A music-focused social network called iLike recently launched the iLike Challenge, a trivia game that asks users to identify tracks and compete with friends to earn points. The game’s interface makes it easy to purchase tracks while playing or add them to a wish list for later. ILike has also struck advertising deals with music labels, inserting certain artists’ songs into the game as paid promotions. During a panel at the Web conference South by Southwest Interactive in Texas last month, iLike CEO Ali Partovi noted that, though it’s hard to determine which promotions affect a song’s popularity, all of the songs promoted on iLike so far have debuted near the top of the charts on iTunes.
The makers of these games still have to strike licensing deals, a problematic reality for many online music businesses. Internet radio companies such as Pandora have struggled to get access to music for a rate they can afford. But games have a stronger bargaining position than Internet radio, according to Decrem, since they don’t need to license large quantities of music to create a worthwhile product. Radio stations usually need to have a deal with every major label and want to access most of those labels’ back catalog. Games, on the other hand, can get by with a few hits and a smaller catalog of quality songs from independent bands. Decrem says that Tapulous aims to include one big hit per month to help attract users, but already offers plenty of independent music and older songs. ILike pays licensing fees for the clips it uses in its trivia game, even though each song plays for no more than 30 seconds (Partovi said that, though it might be considered fair use, the company prefers not to take a risk).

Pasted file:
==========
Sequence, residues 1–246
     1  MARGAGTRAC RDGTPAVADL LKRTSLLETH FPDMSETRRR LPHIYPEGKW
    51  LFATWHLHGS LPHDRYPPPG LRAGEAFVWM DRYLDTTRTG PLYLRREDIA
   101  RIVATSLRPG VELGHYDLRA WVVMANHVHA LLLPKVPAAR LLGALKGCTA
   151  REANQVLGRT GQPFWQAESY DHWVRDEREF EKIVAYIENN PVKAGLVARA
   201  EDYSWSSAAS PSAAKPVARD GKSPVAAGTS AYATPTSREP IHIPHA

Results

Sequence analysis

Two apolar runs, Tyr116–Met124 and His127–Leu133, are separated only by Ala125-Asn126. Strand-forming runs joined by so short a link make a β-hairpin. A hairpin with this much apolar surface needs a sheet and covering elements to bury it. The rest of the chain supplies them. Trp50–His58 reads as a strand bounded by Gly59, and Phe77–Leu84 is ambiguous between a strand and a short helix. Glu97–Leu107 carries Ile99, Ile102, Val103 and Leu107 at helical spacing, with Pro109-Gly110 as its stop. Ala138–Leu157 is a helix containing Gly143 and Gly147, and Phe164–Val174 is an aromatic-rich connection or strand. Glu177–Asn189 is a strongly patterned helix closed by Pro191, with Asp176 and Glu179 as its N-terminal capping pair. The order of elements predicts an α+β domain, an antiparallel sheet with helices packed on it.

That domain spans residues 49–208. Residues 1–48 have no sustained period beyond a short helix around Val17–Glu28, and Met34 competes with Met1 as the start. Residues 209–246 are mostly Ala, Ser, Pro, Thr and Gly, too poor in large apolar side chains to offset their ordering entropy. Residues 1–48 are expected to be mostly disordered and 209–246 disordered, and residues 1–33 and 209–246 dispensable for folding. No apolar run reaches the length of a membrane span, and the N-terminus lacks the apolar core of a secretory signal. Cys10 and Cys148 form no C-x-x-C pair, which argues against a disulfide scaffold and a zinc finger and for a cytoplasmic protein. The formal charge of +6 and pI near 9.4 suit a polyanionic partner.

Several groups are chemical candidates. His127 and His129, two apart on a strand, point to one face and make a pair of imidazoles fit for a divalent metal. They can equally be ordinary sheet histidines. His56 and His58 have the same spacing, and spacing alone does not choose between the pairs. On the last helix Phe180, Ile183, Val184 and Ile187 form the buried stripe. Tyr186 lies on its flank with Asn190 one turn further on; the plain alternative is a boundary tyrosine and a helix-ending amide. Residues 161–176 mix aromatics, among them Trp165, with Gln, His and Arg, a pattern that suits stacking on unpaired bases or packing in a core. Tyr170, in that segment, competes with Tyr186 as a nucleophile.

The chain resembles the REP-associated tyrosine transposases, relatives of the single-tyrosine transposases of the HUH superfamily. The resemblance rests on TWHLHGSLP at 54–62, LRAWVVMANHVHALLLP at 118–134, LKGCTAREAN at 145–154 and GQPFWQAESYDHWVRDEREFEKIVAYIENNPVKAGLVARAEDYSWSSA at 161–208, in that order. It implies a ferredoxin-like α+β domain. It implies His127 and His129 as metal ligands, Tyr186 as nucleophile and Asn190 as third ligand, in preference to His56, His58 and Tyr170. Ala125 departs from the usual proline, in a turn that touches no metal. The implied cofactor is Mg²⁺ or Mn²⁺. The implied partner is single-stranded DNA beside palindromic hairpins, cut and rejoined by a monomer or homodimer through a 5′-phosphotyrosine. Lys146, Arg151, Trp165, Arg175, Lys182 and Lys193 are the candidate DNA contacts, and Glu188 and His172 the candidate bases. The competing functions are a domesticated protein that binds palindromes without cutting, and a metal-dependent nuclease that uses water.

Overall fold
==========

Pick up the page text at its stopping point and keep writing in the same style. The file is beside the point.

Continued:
While the games’ creators believe their impact on the music industry is positive, some observers say that the demand is not yet big enough to justify the optimism. Forrester analyst Sonal Gandhi, who follows the music industry, says that the impact of games on music sales is “dwarfed by the impact of radio.” Although radio has declined in recent years, she says that people still discover about 60 percent of the new songs they buy through the radio. Gandhi adds that licensing fees obtained via games will be an important source of revenue, but says games aren’t going to serve as the major way to promote artists in the near future.
That’s not what the many makers believe. They argue that games offer the advantages of radio and music-video channels, but can also be personalized for different users. “Games have the power to be the new MTV,” Partovi said at South by Southwest. “And I think that they already are.”